BATON is a classified block cipher, presumably designed by the NSA. Very little is know (publicly) about this cipher; what follows is what little information I could gather, plus a pile of wild speculation. Other ciphers which may be related are JUNIPER and MEDLEY.
BATON was designed sometime in the early 1990s, and began showing up in devices in the 1995 to 1998 timeframe, including a number built for VPN and voice systems, and there is even an 802.11b PCMCIA card that encrypts traffic using BATON (presumably in favor of WEP, though the vendor's documentation is not clear about that). BATON is by most accounts very fast in hardware, and in particular much faster than Skipjack, another NSA design.
BATON encrypts 96-bit or 128-bit blocks under the control of a 320-bit key, but according to the PKCS #11/Cryptoki specifications, 160 bits of the key are used as a checksum; all keys for BATON must be generated by the crypto hardware implementing it, presumably to make life harder for people attempting to derive information about the algorithm using the hardware as a black box. Naturally, the checksum algorithm is secret, to prevent attackers from presenting modified keys to the device. Any key which does not have a valid checksum is rejected. When used in a block cipher mode which takes an initialization vector (IV), such as CBC or CTR (these are specifically mentioned for use with BATON in the PKCS #11 documentation), the IV is 192 bits long and is also generated by the hardware. Typically, an IV is as long as the block size, which suggests that the IV also includes a checksum of some sort.
The use of a 160 bit key is interesting. Generally speaking, one would want to use a key that is as long as possible/useful, since in most designs the length of the key does not affect the performance of the cipher in any way. However, if you know a cipher can be broken in 2n operations regardless of the key size, you might as well go ahead and use an n bit key; using a longer key is just a waste of storage space. So we might theorize that, as of 1993, the NSA did not feel confident in building a cipher with a strength of more than 2160, though this is a conclusion extrapolted from a very small number of data points.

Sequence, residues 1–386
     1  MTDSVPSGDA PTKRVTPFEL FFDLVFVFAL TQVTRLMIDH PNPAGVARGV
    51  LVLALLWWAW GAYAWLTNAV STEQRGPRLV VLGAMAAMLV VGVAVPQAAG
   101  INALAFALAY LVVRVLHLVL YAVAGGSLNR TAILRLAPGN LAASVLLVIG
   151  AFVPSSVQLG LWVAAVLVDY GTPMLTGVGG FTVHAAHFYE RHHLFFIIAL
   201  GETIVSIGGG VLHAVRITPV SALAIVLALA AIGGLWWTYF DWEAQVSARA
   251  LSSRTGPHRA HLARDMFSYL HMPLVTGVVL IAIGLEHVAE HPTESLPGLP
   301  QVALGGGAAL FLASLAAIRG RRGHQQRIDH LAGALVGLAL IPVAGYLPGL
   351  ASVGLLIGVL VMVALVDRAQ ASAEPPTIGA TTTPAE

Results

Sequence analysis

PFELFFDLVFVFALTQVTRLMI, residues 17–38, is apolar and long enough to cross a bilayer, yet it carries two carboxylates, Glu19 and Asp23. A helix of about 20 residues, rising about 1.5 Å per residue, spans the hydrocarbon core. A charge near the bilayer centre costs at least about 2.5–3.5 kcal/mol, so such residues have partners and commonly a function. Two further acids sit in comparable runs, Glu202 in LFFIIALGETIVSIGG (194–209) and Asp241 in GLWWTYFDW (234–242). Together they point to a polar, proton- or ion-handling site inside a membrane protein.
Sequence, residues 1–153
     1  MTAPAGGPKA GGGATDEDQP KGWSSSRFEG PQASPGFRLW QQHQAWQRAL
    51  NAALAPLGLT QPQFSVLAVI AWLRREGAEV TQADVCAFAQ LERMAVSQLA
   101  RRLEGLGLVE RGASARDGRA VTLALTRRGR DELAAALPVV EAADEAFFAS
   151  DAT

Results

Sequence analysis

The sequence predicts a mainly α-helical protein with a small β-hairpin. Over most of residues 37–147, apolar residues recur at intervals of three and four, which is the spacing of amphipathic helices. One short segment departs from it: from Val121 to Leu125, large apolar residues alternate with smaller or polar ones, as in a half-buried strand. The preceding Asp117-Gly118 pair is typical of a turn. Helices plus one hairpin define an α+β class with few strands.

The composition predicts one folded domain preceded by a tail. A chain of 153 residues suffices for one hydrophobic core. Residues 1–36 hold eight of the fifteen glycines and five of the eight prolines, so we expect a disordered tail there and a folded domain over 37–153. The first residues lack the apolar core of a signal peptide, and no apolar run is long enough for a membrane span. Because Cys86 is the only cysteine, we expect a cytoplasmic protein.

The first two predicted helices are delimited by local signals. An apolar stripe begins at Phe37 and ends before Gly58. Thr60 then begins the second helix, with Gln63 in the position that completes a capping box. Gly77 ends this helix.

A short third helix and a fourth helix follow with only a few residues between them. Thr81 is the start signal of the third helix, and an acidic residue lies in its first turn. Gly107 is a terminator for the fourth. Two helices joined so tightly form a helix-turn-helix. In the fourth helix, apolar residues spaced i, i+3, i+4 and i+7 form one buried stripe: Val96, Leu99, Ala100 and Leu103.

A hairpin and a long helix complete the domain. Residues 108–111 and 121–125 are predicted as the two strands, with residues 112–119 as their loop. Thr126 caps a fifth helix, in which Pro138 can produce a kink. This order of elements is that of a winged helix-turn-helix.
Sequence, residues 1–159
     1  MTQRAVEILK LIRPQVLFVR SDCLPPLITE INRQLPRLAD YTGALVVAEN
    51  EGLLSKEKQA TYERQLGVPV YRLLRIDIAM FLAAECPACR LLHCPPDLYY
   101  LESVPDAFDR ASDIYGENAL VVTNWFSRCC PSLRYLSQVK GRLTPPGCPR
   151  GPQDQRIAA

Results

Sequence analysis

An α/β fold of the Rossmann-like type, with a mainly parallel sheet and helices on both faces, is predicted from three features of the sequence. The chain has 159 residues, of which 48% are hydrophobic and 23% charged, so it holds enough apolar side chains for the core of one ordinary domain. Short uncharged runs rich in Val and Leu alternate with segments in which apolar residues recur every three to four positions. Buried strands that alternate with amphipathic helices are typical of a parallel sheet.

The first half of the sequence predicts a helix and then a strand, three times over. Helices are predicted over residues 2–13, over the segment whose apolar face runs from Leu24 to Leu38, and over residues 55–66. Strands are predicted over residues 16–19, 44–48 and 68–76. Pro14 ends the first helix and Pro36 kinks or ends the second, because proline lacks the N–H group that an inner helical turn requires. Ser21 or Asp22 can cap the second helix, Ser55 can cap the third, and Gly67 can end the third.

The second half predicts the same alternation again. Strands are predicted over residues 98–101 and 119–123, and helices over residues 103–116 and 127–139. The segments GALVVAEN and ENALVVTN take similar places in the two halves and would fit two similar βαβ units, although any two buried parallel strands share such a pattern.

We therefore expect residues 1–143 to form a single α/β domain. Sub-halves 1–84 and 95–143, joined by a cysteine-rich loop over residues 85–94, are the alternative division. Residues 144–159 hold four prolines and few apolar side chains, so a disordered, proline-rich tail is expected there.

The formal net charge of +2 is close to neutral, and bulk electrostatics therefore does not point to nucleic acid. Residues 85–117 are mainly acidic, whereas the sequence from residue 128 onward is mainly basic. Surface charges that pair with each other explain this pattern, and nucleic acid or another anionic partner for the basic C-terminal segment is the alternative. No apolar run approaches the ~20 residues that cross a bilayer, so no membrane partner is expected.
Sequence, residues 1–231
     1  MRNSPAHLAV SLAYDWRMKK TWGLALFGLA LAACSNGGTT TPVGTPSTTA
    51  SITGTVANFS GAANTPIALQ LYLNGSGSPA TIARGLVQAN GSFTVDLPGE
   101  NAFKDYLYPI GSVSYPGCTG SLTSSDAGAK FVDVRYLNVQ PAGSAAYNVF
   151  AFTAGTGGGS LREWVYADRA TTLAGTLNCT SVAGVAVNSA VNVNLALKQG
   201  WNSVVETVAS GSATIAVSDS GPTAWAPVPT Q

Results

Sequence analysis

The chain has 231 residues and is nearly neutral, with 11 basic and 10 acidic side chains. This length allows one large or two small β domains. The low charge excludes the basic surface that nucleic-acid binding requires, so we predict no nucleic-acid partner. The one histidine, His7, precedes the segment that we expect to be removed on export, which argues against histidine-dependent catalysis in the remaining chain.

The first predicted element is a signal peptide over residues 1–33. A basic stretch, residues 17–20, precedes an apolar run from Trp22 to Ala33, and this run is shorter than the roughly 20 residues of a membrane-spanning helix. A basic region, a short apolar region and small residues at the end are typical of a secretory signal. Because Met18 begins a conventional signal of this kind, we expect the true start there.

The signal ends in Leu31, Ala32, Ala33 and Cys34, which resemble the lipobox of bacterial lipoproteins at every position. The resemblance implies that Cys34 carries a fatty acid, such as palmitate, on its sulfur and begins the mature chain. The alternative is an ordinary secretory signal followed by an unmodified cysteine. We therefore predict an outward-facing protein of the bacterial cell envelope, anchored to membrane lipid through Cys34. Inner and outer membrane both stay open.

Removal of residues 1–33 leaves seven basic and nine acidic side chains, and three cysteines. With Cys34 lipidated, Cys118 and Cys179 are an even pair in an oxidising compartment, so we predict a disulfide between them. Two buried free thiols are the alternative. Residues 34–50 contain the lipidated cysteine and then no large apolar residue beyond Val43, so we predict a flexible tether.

BATON's ability to be used as either a 96-bit or 128-bit block cipher is, by the standards of public cryptography, quite bizarre. One possibility that suggests itself is that 96 bits is 3 32-bit words, and 128 bits is 4. So perhaps BATON uses 32 bit words internally, and when used as a 96-bit cipher, one of those words is set to a constant, or a value based on the current key and/or the other 3 input words. While this offers a possible method of how it is done, the why is a complete mystery. However, this would only work in certain modes, such as OFB and CTR, which do not require that the block cipher be decryptable. If this is how it worked, using BATON in ECB or CBC mode would be unpossible.
To emphasize the point that much of this writeup is speculation1, the only publicly known NSA block cipher design, Skipjack, is quite unlike modern public designs. The original Clipper Chip plan was that hundreds of thousands of smart cards with Skipjack ASICs in them would be produced and made available to the public. The NSA had to know that at some point, someone would manage to reverse engineer the design and publish it2, so they probably held back on their best tricks. BATON was never intended for use except by approved government agencies (and probably trusted defense contractors and the like), so the risk was much smaller. Thus, they were free to use all their design techniques, and BATON's design is more likely than not based on a series of NSA designs extending back decades, and has about as much relation to any public cipher (including Skipjack) as a giant squid has with my left foot.
Sadly, odds are that even after BATON has ceased to be operationally effective and has been fully phased out (probably by 2030 at the latest), the design will not be published. The NSA's mission is not to enhance the public state of the art in cryptography, or to satisfy the curiosity of crypto geeks. It is to secure the sensitive communications of the US government, and to attack the communications of every other country. Neither of those missions is enhanced by releasing the design, in particular if the design of BATON does, in fact, contain any interesting tricks which could be reused by another country's intelligence agencies.
- Hopefully it is clear to the reader which parts are known fact and which parts are my speculation. If any portion seems uncertain in that respect, please let me know.
- They solved this problem by declassifying the design and publishing it themselves a few years later on.